The values of the returned facet/aggregation are already in a structured, hierarchical format. There is no need for any parsing of paths to build the tree.
The number of levels in the tree must be known at query time. Since each field must be specified explicitly, it puts a limit on the maximum depth of the tree. If the tree should be extended to allow for more levels, then content must be indexed to new fields and the query needs to include these new fields.
Pivot faceting assumes a uniformity in the data, in that the values on each level in the tree, regardless of their parent, are of the same types. This is because all values on some specific level comes from the same field.
When to use
At least one of the following statements hold:
- The data is homogenous – different objects share similar sets of properties
- The data will, structurally, not change much over time
- There is a requirement on a high level of query time flexibility
- There is a requirement on a high level of flexibility without re-indexing documents
Tree facets with Path
Data is indexed into a single field, on a Unix style file path format, e.g. root/middle/leaf (the path separator is configurable). The index analyzer of this field should be using a path hierarchy tokenizer (Elasticsearch, Solr). It will expand the path so that a filter query for some node in the tree will include the nodes in the sub-tree below the node. The example path above would be expanded to root, root/middle, root/middle/leaf. These represent the filter queries for which the document with this path should be returned. Note that the query analyzer should be keyword/string so that queries are interpreted verbatim.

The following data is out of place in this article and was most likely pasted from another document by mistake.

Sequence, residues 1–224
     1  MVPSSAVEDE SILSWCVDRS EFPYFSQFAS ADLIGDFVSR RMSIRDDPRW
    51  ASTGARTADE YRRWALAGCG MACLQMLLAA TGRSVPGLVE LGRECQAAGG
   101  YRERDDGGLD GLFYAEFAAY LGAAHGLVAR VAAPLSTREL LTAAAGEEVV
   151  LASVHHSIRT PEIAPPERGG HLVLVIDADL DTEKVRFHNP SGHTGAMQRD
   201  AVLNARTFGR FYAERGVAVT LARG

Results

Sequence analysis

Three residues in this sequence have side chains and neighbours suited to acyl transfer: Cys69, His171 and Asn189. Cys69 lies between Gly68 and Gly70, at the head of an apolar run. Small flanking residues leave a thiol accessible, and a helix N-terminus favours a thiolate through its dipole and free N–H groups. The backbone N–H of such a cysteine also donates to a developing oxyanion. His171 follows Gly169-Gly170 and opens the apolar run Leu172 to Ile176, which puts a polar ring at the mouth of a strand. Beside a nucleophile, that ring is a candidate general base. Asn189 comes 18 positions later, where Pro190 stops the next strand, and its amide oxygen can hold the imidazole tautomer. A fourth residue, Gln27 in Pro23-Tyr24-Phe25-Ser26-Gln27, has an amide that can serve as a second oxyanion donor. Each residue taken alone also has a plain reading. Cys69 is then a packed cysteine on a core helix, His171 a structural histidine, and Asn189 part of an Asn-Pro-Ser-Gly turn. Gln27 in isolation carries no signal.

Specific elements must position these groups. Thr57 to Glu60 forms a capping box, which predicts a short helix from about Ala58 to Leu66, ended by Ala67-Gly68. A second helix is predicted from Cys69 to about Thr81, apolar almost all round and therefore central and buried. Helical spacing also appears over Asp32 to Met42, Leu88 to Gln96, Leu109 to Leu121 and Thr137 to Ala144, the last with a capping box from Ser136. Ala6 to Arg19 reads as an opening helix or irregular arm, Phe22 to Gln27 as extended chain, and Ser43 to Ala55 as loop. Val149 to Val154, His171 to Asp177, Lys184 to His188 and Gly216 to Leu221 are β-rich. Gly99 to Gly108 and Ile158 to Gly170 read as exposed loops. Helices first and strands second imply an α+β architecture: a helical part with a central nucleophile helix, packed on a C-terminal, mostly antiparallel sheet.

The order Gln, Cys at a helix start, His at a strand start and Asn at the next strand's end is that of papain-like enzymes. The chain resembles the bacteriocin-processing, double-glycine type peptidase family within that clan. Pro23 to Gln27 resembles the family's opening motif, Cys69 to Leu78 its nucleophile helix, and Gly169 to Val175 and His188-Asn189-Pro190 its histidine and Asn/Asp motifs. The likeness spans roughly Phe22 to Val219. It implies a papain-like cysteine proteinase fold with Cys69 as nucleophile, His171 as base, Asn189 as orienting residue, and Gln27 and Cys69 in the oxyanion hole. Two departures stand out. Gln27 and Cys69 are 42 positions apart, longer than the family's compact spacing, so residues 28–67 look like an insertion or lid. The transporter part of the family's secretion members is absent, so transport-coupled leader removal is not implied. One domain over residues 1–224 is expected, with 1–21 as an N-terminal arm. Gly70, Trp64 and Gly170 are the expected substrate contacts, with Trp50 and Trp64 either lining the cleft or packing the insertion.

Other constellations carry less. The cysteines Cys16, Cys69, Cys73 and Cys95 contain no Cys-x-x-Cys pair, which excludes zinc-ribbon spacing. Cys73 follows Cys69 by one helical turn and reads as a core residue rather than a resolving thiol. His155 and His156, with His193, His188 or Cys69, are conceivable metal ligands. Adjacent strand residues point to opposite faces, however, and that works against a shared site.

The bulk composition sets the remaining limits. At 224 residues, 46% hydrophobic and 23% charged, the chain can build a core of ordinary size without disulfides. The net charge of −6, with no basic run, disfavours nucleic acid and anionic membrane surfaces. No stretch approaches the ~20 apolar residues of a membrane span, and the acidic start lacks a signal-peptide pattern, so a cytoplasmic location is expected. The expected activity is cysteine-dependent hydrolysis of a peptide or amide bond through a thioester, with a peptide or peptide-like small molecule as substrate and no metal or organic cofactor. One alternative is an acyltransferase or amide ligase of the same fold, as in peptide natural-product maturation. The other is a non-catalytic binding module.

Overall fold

Once the values have been indexed, a normal facet or terms aggregation is put on the field. This will return all possible paths and sub-paths, which can be a large number, so make sure to request all of them. Once facet/aggregation is returned, its values need to be parsed and built into a tree structure.